Prevention of iron-deficiency anemia: Comparison of high- and low-iron formulas in term healthy infants after six months of life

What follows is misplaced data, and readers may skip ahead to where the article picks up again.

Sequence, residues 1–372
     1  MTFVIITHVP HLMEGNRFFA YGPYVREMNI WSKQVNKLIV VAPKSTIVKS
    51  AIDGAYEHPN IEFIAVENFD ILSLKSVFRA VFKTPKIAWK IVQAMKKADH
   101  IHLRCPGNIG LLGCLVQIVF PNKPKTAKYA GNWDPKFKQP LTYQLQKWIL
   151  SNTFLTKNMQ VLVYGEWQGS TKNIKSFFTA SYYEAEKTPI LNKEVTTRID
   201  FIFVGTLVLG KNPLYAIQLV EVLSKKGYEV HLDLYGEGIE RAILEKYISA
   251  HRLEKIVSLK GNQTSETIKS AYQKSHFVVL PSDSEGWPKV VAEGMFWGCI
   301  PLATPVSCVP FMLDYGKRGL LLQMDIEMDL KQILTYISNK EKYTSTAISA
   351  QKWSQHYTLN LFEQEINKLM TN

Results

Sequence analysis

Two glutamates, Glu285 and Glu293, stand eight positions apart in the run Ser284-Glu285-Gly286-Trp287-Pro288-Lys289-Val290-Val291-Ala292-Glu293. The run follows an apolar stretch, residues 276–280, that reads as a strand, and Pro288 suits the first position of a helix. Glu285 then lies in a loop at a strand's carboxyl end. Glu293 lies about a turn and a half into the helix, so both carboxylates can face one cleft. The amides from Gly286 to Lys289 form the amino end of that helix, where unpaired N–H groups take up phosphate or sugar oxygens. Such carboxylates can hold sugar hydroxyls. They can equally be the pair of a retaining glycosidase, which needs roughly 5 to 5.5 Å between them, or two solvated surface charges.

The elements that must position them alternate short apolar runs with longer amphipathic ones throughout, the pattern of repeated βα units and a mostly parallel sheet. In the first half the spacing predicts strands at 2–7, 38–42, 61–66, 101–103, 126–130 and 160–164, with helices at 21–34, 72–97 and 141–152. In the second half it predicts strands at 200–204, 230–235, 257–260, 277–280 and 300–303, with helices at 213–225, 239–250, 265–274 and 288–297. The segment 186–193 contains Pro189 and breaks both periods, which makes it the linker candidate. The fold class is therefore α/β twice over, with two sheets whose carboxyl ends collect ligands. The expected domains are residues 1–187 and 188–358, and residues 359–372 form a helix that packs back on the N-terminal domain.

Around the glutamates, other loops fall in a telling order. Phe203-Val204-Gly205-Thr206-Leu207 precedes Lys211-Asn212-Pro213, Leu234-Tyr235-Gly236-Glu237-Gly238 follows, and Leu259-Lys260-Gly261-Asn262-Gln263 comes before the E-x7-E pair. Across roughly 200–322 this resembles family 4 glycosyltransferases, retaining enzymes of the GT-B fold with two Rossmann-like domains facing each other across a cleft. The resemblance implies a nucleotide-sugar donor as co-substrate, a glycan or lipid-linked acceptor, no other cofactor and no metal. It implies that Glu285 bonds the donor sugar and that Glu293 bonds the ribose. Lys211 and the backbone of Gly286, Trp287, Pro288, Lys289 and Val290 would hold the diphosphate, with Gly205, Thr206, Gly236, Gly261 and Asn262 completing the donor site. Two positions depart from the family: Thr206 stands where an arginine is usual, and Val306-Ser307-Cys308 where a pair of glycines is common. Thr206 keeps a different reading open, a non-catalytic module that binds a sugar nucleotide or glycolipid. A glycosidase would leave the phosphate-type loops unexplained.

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ObjectivesFor bottle-fed babies or nursing infants who receive milk supplements, the American Academy of Pediatrics recommends the use of iron-fortified infant formula. Because these recommendations have not been universally adopted, the hematologic effects of currently available low-iron formulas need to be determined.Study designHealthy Chilean 6-month-old infants (without iron-deficiency anemia, born at term weighing >or= to 3.0 kg) who were totally or partially weaned from the breast were randomly allocated in a double-blind fashion to receive high-iron (n = 430) or low-iron formula (n = 405), containing an average of 12.7 mg/L or 2.3 mg/L, respectively, of elemental iron as ferrous sulfate. Iron status was determined at 12 months.ResultsThe prevalence of iron-deficiency anemia was not different in the high- and low-iron groups (2.8% versus 3.8%, p = 0.35). Nevertheless, infants receiving high-iron formula had somewhat higher levels of hemoglobin and serum ferritin, greater mean cell volumes, and lower erythrocyte protoporphyrin levels (p < 0.005).ConclusionsAlthough high-iron formulas are more efficacious in improving iron status, currently available low-iron formulas may prevent iron-deficiency anemia in selected healthy, term infant populations with otherwise poor sources of dietary iron after 6 months of life. Formulas with relatively small amounts of iron appear to prevent iron-deficiency anemia. We speculate that the optimal level of iron fortification likely lies somewhere between the current levels in high- and low-iron formulas. (J Pediatr 1998;132:635-40.)

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